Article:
When the Yankees acquired Aaron Hicks after the 2015 season, nobody predicted that he would become the caliber of player he is today. There was no question that he had potential, given his first-round pedigree and array of tools, but Hicks never fulfilled his promise in his three seasons with Minnesota. Though he started to produce results offensively in 2015, at least against left-handed pitching, Hicks cratered in his debut season in New York. Instead of becoming the useful fourth outfielder and platoon bat that the Yankees thought they were getting, it looked like the acquisition was a bust. Then, come 2017, the story changed.
Nobody would have faulted the Yankees for cutting ties with Hicks after his first year in pinstripes. Of 353 major leaguers with 200 or more plate appearances in 2016, Hicks had the 26th-worst TAv at .220 in 2016. After years of mostly feeble hitting with the Twins, the season appeared to be a confirmation of who Hicks truly was as a hitter. Yet, the organization stuck with him despite over a thousand lackluster big league plate appearances. Finally, in the next season, the Yankees’ belief in Hicks paid off. He started off the 2017 campaign strongly and eventually nabbed the starting center fielder job from Jacoby Ellsbury. Injuries wore him down in the final couple of months of the year, but his final offensive line was still stellar. This season, Hicks has proven that last year was no aberration. With his strong performance now extended into 2018 while remaining healthy, there’s no question that Hicks has become another star on this roster.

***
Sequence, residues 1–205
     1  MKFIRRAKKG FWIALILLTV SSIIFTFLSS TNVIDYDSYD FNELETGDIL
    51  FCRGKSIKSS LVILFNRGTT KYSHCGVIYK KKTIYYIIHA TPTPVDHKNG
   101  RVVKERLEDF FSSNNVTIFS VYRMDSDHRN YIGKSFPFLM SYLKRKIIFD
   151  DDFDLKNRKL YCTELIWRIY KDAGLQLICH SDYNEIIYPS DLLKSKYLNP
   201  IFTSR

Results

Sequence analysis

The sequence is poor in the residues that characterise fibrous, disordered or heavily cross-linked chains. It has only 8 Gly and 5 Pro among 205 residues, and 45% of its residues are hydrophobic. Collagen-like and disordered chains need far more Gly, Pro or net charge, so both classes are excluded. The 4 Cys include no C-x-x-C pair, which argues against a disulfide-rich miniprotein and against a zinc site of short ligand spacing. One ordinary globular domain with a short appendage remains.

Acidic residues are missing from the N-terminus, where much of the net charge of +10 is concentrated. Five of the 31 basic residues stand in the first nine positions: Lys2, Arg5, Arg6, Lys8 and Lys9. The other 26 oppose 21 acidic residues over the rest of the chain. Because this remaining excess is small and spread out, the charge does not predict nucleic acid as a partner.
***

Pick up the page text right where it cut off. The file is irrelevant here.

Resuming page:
To date this year, Hicks has accumulated approximately four WAR per Fangraphs’ and Baseball Reference’s version. Baseball Prospectus’s version only has Hicks at two, which is the outlier of the bunch. BP’s version views Hicks as a very bad defender this year, which doesn’t really pass the smell test considering Hicks’s reputation, past performance, and numbers elsewhere. It just so happens that since 2017, those two along with Charlie Blackmon are the only center fielders with more Fangraphs WAR than Hicks. Trout is obviously far and away the leader, at 14.9, but Hicks’s 7.4 is right on Blackmon’s tail (7.5) and not too far behind Cain (9.0). Per Baseball Reference’s version, Hicks is comfortably ahead of Blackmon (8.0 vs. 5.8) but still in back of Trout (14.9) and Cain (8.9).
Given Blackmon’s decline this season, it’s safe to say that Hicks is the third-best center fielder in baseball. In a world without an all-time great like Trout, Hicks might be in the top two. By season’s end, Hicks should end the year as a five-win player with more than 25 homers, a high on-base percentage, and his usual excellent defensive marks. Without a doubt, that makes him a star player. It’s incredible to see how far he’s come since his dud of a season in 2016.
Credit where credit’s due: first and foremost to Hicks for working to make the most of his ability, and two, to the Yankees front office for maintaining faith despite an ugly first year in the Bronx. Still just 28 and with another year before free agency, Hicks’s stardom will benefit the Yankees’ in playoff runs this season and next. It’ll also reward the center fielder with a very nice contract in free agency thereafter. It’s not easy to fill a premium position like the one Hicks plays, so when the winter of 2019 comes around, hopefully, the Steinbrenners open their checkbook.
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